Does Laughter Programs in Clinical Waiting Rooms AlterPressure Pain Threshold?
Nishat Khan, Vrunda Pawar, Subhash Khatri
Laughter is an integral part of human life. Recorded history documents that the Greek hospitals were built near the theatre; so that the patients could hear the audience laugh and thus recover faster. Television is known to be a cheap source of entertainment that is often found in the reception room in clinics. However, there is consciousness and scientific evidence pertaining to the kind of programs that are often seen or showed to patients and their attendants in waiting rooms. Objective: The primary objective of this study was to investigate the effects of laughter programs on pain perception in healthy individuals. Methods: Twenty three normal healthy II year BPT students voluntarily participated in this study. Their pressure pain threshold was taken prior to the participation and they were shown laughter episode for 25 minutes. After the episode got over their post intervention pressure threshold scores were noted at the same site. Results: In this study, we found the average pressure pain threshold of the participants prior to watching the laughter episode was 16.83 Â± 3.88 and after watching the laughter episode for 25 minutes it was 21.59 Â± 7.00. This increase in pressure pain threshold was statistically significant. Conclusion: Laughter programs reduce the perception of pain in normal healthy individuals and hence they can be used for entertaining the patients in waiting rooms.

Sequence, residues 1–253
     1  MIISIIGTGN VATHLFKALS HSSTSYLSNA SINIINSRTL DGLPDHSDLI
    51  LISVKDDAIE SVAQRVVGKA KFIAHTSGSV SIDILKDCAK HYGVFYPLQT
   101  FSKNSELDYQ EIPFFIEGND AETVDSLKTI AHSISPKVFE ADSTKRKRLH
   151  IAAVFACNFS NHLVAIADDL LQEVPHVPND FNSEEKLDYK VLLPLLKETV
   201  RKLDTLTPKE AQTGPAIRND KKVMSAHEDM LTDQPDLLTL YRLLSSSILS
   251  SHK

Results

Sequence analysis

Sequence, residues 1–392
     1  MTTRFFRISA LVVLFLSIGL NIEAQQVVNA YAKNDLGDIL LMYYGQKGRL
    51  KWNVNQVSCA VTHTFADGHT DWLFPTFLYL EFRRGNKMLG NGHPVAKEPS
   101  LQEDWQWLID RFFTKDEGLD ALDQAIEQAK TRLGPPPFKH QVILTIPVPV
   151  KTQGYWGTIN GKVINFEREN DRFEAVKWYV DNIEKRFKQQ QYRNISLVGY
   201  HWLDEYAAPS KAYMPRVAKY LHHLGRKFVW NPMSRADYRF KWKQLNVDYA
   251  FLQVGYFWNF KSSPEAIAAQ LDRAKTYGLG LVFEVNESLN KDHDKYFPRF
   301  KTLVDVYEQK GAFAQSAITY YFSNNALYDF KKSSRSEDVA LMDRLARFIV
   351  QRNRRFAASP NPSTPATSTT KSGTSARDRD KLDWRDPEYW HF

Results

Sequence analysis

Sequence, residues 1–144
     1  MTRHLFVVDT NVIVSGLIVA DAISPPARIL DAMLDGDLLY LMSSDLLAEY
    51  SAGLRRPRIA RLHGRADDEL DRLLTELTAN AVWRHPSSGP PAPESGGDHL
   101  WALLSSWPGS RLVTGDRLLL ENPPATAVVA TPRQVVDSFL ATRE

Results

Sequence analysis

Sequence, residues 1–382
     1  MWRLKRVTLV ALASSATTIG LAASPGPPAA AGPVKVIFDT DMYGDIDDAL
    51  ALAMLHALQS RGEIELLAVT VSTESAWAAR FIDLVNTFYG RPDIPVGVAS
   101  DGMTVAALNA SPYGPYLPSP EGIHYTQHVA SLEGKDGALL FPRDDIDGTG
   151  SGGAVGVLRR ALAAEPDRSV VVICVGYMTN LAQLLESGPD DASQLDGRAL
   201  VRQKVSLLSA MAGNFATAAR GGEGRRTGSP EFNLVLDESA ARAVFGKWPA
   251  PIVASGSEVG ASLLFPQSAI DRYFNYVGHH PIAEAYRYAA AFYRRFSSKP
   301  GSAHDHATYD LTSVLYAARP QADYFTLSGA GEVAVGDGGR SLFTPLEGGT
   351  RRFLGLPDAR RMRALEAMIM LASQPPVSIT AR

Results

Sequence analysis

Laughter, pressure pain threshold, television, waiting room